Driverless cars: does autonomy equal inclusivity? Read more on one of the hottest topics in technology right now.
Where do you stand? Visit the Moral Machine website
Bonnefon et al. have launched a website called Moral Machine to help gather more information about how people would prefer autonomous cars to behave in different scenarios, where passenger and pedestrian safety are at odds.
Visit the Moral Machine website and complete the moral dilemmas yourself, where a driverless car must choose the lesser of two evils, such as killing two passengers or five pedestrians, and judge which outcome you think is more acceptable. You can then also see how your responses compare with other people’s – and ask yourself, have you made the right decision? Is there even a right decision? And more importantly, should something as important as this be decided by artificial intelligence (AI)?
As an ergonomist I found the results fascinating. They provide helpful direction on the decisions that need to be made and the questions that need to be asked, and ultimately reveal how people would like autonomous vehicles to operate.
AI vs humans vs autonomous vehicles
Ragunathan Rajkumar, a professor of electrical and computer engineering in Carnegie Mellon University’s CyLab and veteran of the university’s efforts to develop autonomous vehicles, said, “AI does not have the same cognitive capabilities that we as humans have.”
Instead, autonomous vehicles will probably make decisions based on speed, weather, road conditions, distance and other data gathered by a variety of sensors and cameras. Driverless cars will most likely calculate a course of action based on how fast they are travelling, as well as the speed of objects in their path.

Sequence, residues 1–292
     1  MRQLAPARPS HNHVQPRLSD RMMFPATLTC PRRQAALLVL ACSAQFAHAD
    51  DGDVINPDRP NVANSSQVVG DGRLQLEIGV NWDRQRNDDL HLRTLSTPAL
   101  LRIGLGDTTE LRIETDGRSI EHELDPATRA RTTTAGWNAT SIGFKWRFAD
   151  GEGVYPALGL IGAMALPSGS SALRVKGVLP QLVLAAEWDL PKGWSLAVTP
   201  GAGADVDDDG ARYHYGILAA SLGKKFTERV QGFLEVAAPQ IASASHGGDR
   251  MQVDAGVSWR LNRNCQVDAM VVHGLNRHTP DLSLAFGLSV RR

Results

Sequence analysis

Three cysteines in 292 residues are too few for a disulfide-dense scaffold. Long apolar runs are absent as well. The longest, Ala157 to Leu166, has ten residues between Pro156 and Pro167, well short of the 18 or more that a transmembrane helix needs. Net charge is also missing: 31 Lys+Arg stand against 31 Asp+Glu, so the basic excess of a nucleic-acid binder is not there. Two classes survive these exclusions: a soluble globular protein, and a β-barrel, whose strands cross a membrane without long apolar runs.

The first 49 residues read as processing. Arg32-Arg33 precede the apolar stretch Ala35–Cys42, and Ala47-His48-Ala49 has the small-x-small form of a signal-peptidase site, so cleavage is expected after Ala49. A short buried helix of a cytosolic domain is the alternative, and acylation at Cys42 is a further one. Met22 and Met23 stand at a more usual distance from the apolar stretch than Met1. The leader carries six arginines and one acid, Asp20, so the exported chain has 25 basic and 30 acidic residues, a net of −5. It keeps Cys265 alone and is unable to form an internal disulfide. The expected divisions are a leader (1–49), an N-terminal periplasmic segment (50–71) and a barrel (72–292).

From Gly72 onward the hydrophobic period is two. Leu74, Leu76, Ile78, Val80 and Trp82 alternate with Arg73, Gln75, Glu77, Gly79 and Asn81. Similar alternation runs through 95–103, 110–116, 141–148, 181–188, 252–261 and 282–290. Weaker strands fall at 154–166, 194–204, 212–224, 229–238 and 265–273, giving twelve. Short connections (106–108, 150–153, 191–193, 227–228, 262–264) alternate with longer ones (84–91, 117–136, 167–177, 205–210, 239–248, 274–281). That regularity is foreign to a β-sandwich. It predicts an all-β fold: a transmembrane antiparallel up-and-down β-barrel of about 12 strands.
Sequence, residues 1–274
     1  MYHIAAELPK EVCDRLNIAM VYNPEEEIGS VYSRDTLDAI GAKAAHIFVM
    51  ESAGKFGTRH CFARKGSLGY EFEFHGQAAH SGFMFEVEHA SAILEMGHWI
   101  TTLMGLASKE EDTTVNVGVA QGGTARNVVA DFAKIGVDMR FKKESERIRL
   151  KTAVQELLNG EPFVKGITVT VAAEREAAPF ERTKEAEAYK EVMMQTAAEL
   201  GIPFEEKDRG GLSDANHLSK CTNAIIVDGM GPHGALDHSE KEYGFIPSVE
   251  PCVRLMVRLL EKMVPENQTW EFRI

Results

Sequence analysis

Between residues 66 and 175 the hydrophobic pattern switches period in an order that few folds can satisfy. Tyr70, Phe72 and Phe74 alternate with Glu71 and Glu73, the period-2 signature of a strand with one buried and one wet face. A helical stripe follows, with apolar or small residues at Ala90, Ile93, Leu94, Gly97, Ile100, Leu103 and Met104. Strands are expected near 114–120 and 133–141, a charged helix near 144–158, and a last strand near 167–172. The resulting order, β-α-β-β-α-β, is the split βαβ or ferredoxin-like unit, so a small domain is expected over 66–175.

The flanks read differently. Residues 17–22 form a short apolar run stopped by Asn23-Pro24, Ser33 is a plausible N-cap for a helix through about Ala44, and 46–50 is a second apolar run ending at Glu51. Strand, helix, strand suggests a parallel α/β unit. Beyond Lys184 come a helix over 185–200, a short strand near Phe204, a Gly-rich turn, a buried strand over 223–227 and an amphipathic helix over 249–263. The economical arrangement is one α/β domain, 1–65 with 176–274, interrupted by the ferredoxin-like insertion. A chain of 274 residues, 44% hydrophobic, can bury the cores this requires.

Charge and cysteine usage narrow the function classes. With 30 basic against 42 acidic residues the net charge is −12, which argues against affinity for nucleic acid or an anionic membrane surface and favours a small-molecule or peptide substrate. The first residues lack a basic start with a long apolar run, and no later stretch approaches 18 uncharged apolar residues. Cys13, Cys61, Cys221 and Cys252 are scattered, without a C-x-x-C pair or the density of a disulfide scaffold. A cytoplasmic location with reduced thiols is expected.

The main challenge is in gathering and processing the necessary data quickly enough to avoid dangerous circumstances in the first place.
Currently, another huge concern about autonomous vehicles is the ability to keep them protected from hackers, who might want to take over their controls while someone is onboard. That is a discussion for another time!
Autonomous vehicles are just a stone’s throw away from becoming a reality on our roads. It is really encouraging to hear companies acknowledging the importance of research and speaking to the appropriate bodies, as they know they must get the ergonomics, as well as other crucial elements, spot-on. This is a very interesting time for ergonomists and health and safety professionals, who are working closely with carmakers to ensure these vehicles are designed with all users in mind.
Conclusion: who’s to blame?
So, we return to our original question: if an autonomous vehicle has an accident, who is to blame? Is it the car manufacturer? Is it the algorithm programmers? Is it the passengers or pedestrians? These are all factors in the outcome, so they all have a part to play in avoiding accidents.
Ultimately it will come down to the autonomous vehicle to decide the lesser of two evils: who lives and who dies? The challenge is to ensure that this decision is guided by the input of philosophers, engineers, ethicists, programmers, ergonomists, health and safety professionals, and other crucial experts.